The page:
Presidential candidate Sen. Amy Klobuchar says she’s not worried about Joe Biden’s entry into the jam-packed race for the Democratic nomination, as she and a growing number of candidates compete for the support of working-class voters in America's heartland.

“I welcome the vice president to the race. I’ve worked with him for years. But I’m running my own campaign and I bring something that’s different to the race,” the Democrat from Minnesota told Fox News in an interview.

Klobuchar will join Fox News Channel for a Town Hall co-anchored by Bret Baier and Martha MacCallum on Wednesday, May 8, at 6:30 p.m. ET in Milwaukee, Wisconsin.

Biden has quickly rocketed to the top of the polls, and his candidacy poses a particular threat to candidates like Klobuchar courting a political audience beyond the progressive base.

Both Klobuchar and Biden are considered slightly more moderate than many of the liberal-leaning 2020 contenders. And both are hoping to attract blue-collar voters in the Midwest and elsewhere who abandoned the Democratic Party in 2016 and voted for Republican nominee Donald Trump, helping him win the White House.


It's a lane getting more crowded by the week. Klobuchar is one of three candidates from the Midwest, along with South Bend, Indiana, Mayor Pete Buttigieg and Rep. Tim Ryan of Ohio.

“I’m running my own campaign and I bring something that’s different to the race,” Klobuchar said.

“I’m from the heartland. My grandpa was an iron ore miner, he worked 1,500 feet underground his whole life,” she highlighted, repeating a line she’s used throughout her presidential campaign. “I am the only candidate in the race that is a granddaughter of an iron ore miner and the daughter of a teacher and a newspaper man, the first woman elected to the U.S. Senate from the state of Minnesota, and a candidate for president.”

And she joked that she’s the only candidate who announced her candidacy for president with “12 inches of snow on the top of my head.”

Referring to her campaign launch at an outdoor event in Minnesota during a snowstorm in February, she emphasized that “no one else did that. Shows some grit.”


Klobuchar was interviewed before she headlines the latest Fox News town hall, which will be held Wednesday in Milwaukee, Wisconsin. The town hall, at 6:30 p.m. ET, will be hosted by "Special Report" anchor Bret Baier and "The Story" anchor Martha MacCallum.

“I’m always trying to reach people where they are, to go not just where it’s comfortable but where it’s uncomfortable. And I think you’ve got to run this race like you would in the general election and that’s how I’ve run my campaign,” the three-term senator explained

Klobuchar, meanwhile, has questioned calls by her progressive rivals to provide free college tuition at community colleges and some public four-year institutions and characterized popular progressive proposals such as "Medicare-for-all" and the Green New Deal as aspirational.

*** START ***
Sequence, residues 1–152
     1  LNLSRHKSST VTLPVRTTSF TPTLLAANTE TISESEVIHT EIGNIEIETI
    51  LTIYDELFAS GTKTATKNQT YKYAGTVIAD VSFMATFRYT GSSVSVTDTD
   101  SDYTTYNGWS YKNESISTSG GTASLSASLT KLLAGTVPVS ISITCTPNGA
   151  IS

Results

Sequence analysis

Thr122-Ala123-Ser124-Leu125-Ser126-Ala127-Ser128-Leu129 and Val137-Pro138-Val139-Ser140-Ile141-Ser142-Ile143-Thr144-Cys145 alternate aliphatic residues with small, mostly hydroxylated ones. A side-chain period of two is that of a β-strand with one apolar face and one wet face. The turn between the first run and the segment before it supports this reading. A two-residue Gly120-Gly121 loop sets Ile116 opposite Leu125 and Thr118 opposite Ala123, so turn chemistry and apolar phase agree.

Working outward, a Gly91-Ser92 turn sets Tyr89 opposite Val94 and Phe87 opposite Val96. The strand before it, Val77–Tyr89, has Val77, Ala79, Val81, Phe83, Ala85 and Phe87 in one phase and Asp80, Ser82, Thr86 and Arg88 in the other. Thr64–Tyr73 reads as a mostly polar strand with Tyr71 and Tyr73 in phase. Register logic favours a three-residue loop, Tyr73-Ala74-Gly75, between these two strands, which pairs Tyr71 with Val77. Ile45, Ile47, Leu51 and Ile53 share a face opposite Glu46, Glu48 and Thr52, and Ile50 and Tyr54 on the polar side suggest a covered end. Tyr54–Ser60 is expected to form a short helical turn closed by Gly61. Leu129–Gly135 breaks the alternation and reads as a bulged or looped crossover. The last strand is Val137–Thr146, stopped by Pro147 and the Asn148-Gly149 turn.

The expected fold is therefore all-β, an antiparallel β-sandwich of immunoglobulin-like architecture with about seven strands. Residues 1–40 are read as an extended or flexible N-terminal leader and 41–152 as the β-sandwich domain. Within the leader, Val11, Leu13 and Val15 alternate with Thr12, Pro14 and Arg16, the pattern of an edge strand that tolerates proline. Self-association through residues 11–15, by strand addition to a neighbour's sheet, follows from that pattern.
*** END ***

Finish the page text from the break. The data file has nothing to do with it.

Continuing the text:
But a veteran Democratic strategist argued that it’s “sometimes a mistake to judge every candidate on a left-right spectrum. Clearly, voters outside of party activists are not doing that. What voters are looking for is a style of governance and a list of priorities.”

Zac Petkanas, the 2016 Hillary Clinton campaign’s director of rapid response, noted that Klobuchar has the ability to take a problem and bring up a solution to solve it “that people can understand and get behind. That’s what I think she’s offering in this race – the ability to problem solve. I think that’s the lane that she’s carving out for herself.”

Her latest proposal: tackling the opioid epidemic and the mental health crisis facing the nation. She says her plan – with a $100 billion price tag – would improve access to care and fund more research. She spotlighted her proposal during campaign stops the past couple of days in Iowa and New Hampshire, the first two states to vote in the nominating calendar.

“We’ve never had a president who actually takes this on a big way as we have done in the local and state levels,” she charged as she spoke at a roundtable discussion at a recovery center in Nashua, New Hampshire with community leaders on the front lines in battling the epidemic.

Klobuchar highlighted that “I just think it’s very important that anyone that’s running for president is willing to talk about exactly what they want to do and how they’re going to pay for it and how they’re going to get it done.”

Klobuchar spotlighted that her background -- as a former prosecutor (she served as attorney for Hennepin County, home to Minneapolis and the state’s most populous county), and as the daughter of an alcoholic father -- shaped her approach to addiction policy.

Touting her plan, she said that “I put together a proposal that I think is doable, is paid for, and will make a meaningful difference.”

While she’s yet to catch fire in the polls – the senator’s in the mid to low single digits in most public opinion surveys, including those in neighboring Iowa – Klobuchar’s not worried.

The candidate, who pitches herself as a practical politician from the Midwest, emphasized that the presidential nomination race is “a long haul” and that she’s got time on her side